Terry Crews plans to go before the U.S. Senate to fight for new sexual harassment legislation months after the actor came forth to reveal that a Hollywood agent violated him.
"I'm actually going to stand in front of the senate next week about addressing the statute of limitations, and getting a bill of rights together for sexual assault and rape victims that will really change legislation," Crews told Hip Hollywood this week. "I'm not playing, I'm taking this all the way to the top, this is what I was put here for."
The 49-year-old actor, who is currently promoting his new film, Sorry To Bother You, came forth late last year to reveal that he was sexually assaulted by his former agent, Adam Venit, in 2016. Crews said that William Morris Endeavor executive Venit groped him at an event which left the actor feeling violated.
He ended up filing a police report against Venit last year, according to TMZ, but revealed that the agent was only given a 30 day suspension. Crews has since parted ways with the agency.
While some may worry about the ramifications of publicly exposing a Hollywood executive at one of the most powerful agencies in the world, the actor is not focused on that fear. Crews said he refuses to back down and let people who take advantage of others continue to do so without a fight.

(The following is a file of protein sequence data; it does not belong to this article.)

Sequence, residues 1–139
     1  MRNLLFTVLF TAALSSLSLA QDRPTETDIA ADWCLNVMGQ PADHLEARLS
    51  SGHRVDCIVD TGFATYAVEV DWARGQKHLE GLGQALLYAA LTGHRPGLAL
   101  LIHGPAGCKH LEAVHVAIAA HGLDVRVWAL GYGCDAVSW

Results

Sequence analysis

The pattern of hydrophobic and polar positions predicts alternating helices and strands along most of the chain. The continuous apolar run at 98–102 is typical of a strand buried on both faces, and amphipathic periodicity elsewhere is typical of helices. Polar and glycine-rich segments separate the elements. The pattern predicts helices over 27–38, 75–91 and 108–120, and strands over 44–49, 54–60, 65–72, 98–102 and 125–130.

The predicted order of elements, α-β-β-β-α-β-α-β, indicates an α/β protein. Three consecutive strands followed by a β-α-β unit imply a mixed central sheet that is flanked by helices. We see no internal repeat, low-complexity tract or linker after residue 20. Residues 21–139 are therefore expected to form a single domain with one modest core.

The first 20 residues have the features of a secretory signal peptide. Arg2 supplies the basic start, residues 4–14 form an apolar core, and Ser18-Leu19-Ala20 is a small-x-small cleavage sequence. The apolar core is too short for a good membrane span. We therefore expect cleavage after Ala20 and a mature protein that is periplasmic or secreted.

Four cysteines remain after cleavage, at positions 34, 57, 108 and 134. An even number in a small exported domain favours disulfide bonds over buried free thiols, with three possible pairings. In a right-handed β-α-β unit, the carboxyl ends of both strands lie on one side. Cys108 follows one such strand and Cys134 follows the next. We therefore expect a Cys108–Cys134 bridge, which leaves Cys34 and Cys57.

"This stuff doesn't go away when you are talking about very very evil people who want to get away with some stuff," he said.
For Crews, it is important to keep speaking out against sexual harassment while continuing to work as much as possible.
"My thing is I have to be as vocal as possible, because all of sudden if everybody sees my career drop off everyone will know who did it, so my thing is to stay vocal, stay in the public eye and never stop," he revealed.
Crews first publicly leveled his allegations against Venit on Twitter last October. The actor admitted that Venit was connected to everyone he knows in the entertainment industry.
Because of his influence, Crews admitted that it was hard to come forward initially. However, he later realized that doing so would help not only himself but others.
The former NFL player-turned-actor said he empathized with women who have to overcome similar assault, and worse, and live with the fear of exposing their assailants.